Christmas Bells

Christmas Bells
Christmas Bells - Blandfordia nobilis

Wednesday, May 09, 2012

Kirkland Road "going off"

Today I went to check what is happening in Kangaloon (the Orchid capital of the Southern Highlands). At first I thought it was all a bit quiet - just a few Chiloglottis paired leaves amongst the grass and fallen leaves, and then some Corybas leaves, (alas, no signs of buds).

I crossed the road to the eastern side of the road verge (where I seldom find Orchids) and bingo - I was rewarded with some very nice specimens of the Cobra Greenhoods. 
Cobra Greenhood (Diplodium grandiflorum)

Same species as I found yesterday down on the Belmore Falls Road.

Seen from the rear,
to show the stylish lines of the flower
Cobra Greenhood (Diplodium grandiflorum)

Nice tall specimens (about 20 cm tall) 
and some quite dark ones. 
Very handsome flowers.

Cobra Greenhood (Diplodium grandiflorum)
Then as I was about to get back in the car I found this huge creamy topped Fungus. It had brown gills and a thick stem which had strongly coloured spore stains on it (as does a younger fungus beside the big one).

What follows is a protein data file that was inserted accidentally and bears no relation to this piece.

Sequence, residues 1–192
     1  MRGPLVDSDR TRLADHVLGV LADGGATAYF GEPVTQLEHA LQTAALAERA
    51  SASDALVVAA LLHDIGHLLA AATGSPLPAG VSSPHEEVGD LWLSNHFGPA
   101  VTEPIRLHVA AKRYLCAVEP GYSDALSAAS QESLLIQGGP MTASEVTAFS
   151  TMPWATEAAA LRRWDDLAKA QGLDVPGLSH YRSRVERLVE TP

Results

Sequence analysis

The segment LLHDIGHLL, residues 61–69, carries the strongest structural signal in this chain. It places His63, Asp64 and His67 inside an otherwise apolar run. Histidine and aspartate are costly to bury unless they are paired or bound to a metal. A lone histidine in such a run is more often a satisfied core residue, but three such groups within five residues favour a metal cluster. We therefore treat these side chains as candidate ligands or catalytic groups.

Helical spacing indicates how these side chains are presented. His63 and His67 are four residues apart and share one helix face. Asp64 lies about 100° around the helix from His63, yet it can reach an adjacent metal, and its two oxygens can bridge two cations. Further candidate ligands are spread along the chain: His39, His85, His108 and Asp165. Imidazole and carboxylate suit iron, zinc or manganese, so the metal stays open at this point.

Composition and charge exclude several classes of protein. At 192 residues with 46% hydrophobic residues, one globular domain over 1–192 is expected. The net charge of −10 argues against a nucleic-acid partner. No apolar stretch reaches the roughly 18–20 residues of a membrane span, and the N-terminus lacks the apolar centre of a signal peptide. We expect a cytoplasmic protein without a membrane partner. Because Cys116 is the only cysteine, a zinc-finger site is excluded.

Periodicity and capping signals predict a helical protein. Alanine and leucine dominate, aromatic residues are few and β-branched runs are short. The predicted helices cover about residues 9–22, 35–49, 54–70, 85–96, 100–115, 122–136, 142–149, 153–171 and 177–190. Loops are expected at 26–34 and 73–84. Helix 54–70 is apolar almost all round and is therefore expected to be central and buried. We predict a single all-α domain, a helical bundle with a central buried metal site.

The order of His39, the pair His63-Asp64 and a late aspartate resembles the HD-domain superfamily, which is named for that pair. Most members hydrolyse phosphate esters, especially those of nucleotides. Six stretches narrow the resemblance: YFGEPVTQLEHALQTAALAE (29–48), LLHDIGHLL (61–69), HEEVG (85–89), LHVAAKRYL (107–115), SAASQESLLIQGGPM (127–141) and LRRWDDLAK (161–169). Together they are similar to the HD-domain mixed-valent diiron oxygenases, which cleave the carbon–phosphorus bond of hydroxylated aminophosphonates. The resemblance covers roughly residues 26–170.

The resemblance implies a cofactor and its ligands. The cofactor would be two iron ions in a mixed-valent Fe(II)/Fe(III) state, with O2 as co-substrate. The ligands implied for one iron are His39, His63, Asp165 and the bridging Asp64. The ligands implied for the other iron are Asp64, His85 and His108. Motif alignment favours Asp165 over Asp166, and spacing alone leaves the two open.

I knew that some of the Cortinarius genus have those kinds of indications - especially the strongly rusty-coloured spores. 

This was a huge cap, at least 25 cm in diameter. It was beside the road, but the area is a dense Eucalypt forest, typical Cortinarius habitat. This fits with the description of Cortinarius australiensis in Bruce Fuhrer's Field Guide to Australian Fungi. I was then able to cross-match with the Gallery of the Sydney Fungal Studies Group.

Cortinarius australiensis
note the rusty spore stains and thick stem
and the prominent "stem ring" (annulus)
Cortinarius australiensis
Mobile phone for scale

Cortinarius australiensis
Dark rusty spore everywhere
Cortinarius australiensis
It had a huge cap, more than 250mm wide
Fine gills in perfect arrangement.

Sorry but Blogger insists on showing this image vertically.
Please view by holding your head to the left.
Huge silvery-fawn cap - smooth.
Cortinarius australiensis

It is always damned good when the "sources" help confirm one's Fungus ID.

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